Sunday, June 2, 2013

The Curonian Spit.



Kuršių nerija, known in English as the Curonian Spit, is a narrow strip of sand stretching 97 kilometres (58 miles) along the Baltic Sea in western Lithuania.   The northern part of the Curonian Spit lies in Lithuania; the southern part in Kalingrad, Russia.   The Spit averages just over a mile wide with a single main road running between dunes all the way to the Russian border.







According to the legend, the spit was formed a long time ago by Neringa, a girl giant who poured the sandy peninsula into the Baltic Sea to protect the peaceful bay from the stormy sea and create an embankment for fishermen to live. Thus, today the eastern shores of the Curonian Spit are washed by the Curonian Lagoon, while the Baltic Sea washes the western ones.

The Curonian Spit is a National Park as well as a UNESCO World Heritage Site.  The Curonian Spit contains the largest drifting sand dunes in Europe.  Who knew there are sand dunes in Europe?  Of course, we'll be spending our time on Lithuanian part of the Spit which we will get to via ferry from the port of Klaipeda.


The Curonian Spit offers some wonderful landscapes as well as cozy towns and villages.  The four main settlements of Juodkrante, Pervalka, Preila and Nida, collectively known as the City of Neringa, are lagoon-side.  

Juodkrante. Hill of Witches

The quaint, little town of Juodkrante is known for its quirky character and a true symbol of its quirkiness can be summed up at the Hill of Witches.

Originally used as a celebratory point for the midsummer feast of St John, the Hill of Witches is now used as an outdoor gallery to showcase a collection of wooden sculptures depicting witches, demons and other mythical creatures crafted from Lithuanian folklore. The Hill of Watches can be found close to Juodkrante’s town center and houses close to 100 different oak carvings including various pieces of seating furniture including thrones and swing sets.  I also read there's a bike trail that runs by the Hill of Witches.  Hmmmm.....me and bikes are like oil and water but bro is bicycling fanatic so I might have to cave in and go for a ride.  Might.....

Image by jaudrius







Pervalka. The Gray Dunes

The Curonian Spit is covered with dense pine forests and sand, some of the dunes reaching 67.2 meters in height. But the ecosystem is fragile and some expect that the dunes may be lost within the next 2 centuries.  One of the most impressive ranges of dunes are the Gray Dunes (or Dead Dunes), so named because of low grasses growing on them which cause the dunes to appear gray from any distance. The Gray Dunes are located just  north of the village of Pervalka.







Nida.  Thomas Mann and a Sundial
Image by Wojsyl
Thomas Mann (6 June 1875 – 12 August 1955) was a German novelist, short story writer, social critic, philanthropist, essayist, and 1929 Nobel Prize laureate, known for his series of highly symbolic and ironic epic novels and novellas, noted for their insight into the psychology of the artist and the intellectual. In 1929, Mann had a cottage built in Nida, Lithuania.  At that time, Nida was a thriving German art colony.  Mann's summer cottage now is a cultural center dedicated to him, with a small memorial exhibition.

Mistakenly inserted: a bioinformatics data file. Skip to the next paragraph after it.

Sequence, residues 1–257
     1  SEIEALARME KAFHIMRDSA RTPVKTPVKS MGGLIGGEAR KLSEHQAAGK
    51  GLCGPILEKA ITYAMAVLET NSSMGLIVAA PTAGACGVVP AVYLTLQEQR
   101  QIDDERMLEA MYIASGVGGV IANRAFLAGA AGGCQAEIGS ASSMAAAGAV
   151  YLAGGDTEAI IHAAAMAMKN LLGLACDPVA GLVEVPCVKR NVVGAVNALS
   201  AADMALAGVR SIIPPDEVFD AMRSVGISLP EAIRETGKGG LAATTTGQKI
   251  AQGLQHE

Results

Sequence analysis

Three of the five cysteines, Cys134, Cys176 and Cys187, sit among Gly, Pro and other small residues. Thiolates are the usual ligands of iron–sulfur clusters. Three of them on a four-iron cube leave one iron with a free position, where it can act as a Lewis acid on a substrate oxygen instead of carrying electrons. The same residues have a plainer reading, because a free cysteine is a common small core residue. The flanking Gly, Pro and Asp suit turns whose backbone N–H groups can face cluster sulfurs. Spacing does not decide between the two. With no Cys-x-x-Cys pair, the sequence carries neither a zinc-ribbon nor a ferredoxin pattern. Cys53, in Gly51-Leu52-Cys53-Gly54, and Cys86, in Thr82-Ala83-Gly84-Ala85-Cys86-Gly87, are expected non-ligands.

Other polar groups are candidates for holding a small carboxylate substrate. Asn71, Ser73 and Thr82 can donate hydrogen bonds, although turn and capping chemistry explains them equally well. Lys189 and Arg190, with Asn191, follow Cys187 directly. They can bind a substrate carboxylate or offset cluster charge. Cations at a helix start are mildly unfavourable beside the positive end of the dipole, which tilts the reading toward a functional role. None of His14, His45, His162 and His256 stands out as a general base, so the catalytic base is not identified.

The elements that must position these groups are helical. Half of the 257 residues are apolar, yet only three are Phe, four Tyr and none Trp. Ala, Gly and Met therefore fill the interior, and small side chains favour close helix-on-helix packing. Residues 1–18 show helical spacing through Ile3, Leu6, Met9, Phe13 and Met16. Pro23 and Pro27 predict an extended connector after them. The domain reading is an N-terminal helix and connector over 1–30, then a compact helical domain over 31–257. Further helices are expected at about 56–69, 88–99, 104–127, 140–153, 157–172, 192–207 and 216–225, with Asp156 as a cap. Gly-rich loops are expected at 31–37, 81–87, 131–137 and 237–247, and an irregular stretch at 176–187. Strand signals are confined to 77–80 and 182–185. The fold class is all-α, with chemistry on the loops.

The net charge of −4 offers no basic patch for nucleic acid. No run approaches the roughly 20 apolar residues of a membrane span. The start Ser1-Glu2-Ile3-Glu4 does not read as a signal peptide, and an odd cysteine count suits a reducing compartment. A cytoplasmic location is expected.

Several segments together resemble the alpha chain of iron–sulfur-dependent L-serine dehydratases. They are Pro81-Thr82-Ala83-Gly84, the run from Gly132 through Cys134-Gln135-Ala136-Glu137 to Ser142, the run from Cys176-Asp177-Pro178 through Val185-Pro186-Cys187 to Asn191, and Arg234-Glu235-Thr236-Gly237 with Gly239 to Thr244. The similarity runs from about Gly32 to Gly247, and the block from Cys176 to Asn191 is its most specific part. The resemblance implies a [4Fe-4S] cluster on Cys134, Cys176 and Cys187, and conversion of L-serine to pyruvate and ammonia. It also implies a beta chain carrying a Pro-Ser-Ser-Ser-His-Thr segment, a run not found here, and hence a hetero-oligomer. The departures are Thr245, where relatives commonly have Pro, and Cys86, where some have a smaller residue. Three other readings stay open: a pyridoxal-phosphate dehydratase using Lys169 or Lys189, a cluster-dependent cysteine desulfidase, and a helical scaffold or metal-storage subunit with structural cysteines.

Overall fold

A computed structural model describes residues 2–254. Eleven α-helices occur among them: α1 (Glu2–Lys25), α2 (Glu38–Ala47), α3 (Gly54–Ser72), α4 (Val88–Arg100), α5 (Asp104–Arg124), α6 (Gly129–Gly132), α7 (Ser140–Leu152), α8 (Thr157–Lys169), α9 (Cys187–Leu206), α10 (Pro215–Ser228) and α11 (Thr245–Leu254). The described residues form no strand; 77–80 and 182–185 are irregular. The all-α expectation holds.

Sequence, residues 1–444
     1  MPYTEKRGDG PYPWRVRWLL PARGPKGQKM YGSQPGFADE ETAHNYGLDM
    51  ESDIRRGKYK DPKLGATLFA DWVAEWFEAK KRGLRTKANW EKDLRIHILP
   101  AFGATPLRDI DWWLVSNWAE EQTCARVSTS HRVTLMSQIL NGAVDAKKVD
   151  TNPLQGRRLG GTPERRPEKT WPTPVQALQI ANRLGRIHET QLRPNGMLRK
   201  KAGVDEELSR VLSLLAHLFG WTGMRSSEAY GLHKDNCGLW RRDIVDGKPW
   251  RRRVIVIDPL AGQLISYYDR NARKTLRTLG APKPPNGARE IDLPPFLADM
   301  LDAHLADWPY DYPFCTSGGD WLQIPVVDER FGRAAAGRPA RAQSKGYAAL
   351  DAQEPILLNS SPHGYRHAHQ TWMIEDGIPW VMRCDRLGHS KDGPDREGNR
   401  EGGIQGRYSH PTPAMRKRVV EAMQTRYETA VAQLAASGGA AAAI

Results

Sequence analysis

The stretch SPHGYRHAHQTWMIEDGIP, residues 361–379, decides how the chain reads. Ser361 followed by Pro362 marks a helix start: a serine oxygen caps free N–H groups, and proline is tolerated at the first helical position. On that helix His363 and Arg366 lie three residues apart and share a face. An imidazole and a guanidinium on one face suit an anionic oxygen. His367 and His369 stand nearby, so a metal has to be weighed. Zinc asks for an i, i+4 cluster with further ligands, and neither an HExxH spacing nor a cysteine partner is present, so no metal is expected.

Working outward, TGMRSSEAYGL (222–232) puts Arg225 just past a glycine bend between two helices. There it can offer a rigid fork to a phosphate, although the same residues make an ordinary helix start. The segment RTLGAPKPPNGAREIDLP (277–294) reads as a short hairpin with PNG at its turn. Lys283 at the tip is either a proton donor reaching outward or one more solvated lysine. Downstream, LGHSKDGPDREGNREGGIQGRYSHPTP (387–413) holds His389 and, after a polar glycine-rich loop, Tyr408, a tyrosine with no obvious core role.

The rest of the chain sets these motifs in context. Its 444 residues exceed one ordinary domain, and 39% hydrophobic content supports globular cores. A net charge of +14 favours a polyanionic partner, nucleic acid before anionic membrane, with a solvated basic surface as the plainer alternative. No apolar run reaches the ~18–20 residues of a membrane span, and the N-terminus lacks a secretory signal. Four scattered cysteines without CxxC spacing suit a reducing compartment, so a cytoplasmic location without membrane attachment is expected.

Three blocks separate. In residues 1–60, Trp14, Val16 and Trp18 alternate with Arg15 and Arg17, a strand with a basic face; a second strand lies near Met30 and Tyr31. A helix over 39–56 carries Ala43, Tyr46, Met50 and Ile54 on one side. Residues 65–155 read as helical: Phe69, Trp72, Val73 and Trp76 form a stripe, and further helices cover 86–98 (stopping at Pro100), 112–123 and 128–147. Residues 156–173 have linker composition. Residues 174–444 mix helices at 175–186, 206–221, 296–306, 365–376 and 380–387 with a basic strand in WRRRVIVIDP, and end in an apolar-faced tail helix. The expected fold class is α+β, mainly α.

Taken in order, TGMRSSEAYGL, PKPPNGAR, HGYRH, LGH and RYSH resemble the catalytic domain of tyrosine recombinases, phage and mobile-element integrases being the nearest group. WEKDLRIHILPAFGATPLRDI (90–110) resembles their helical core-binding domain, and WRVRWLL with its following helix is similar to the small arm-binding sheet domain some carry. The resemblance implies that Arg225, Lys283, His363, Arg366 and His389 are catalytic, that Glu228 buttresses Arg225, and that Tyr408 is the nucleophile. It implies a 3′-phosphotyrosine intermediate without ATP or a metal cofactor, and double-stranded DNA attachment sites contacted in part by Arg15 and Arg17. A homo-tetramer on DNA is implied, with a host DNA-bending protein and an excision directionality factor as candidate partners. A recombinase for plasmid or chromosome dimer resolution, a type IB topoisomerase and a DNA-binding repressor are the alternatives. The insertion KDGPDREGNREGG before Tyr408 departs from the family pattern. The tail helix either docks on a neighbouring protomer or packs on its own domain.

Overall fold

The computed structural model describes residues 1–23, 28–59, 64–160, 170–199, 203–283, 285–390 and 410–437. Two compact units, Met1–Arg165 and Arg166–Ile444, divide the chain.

Image by HORSECHECK
Weathervanes of The Curonian Spit
Weathervanes are an iconic feature of the Curonian spit.  From the images I've seen, they are unlike any other weathervanes I've ever seen and they are very whimsical and colorful!  I smile every time I see a picture of one.

The iconic weathervanes were introduced to the Curonian Spit in 1844 by the fishing authorities. They were attached to the mast tops of the local fishing boats to identify them in the assigned fishing areas. It was also possible to learn from them about the owner's family, his wealth, and his achievements in fishing.

A flat board or piece of tin seemed too ordinary, so fishermen began to decorate the fishermen’s signs with designs.  In earlier times, the designs were dominated by stylized symbols. Later, more concrete elements appeared – houses, churches, boats, silhouettes of people and animals, even mythical creatures.

The very first weathervanes weren’t colored, only coated with tar so they would be more solid. By the end of the 19th century they became colored. The fishermen used the kind of paint which they knew how to make themselves: dark blue, brown, red, white. Their colors and combinations were strictly defined for each residential area: two black and two white rectangles – Nida; a black and a white triangle – Preila; a white diamond on a black background – Nida’s Purvynė; a black cross on a white background – Juodkrantė; a black rectangle on a white background – Pervalka. The end of the sign had to have an attached red and white tail of the same length and width. 

Nowadays, the fishermen are producing weathervanes as souvenirs for tourists.  I see one hanging on the wall of my bedroom - too cute to pass by!


By the time we make it to the Curonian Spit, it will be in September.  I'm hoping that by then, the summer crowds will have diminished greatly and we'll be able to enjoy this little piece of Lithuanian paradise in relatively quiet.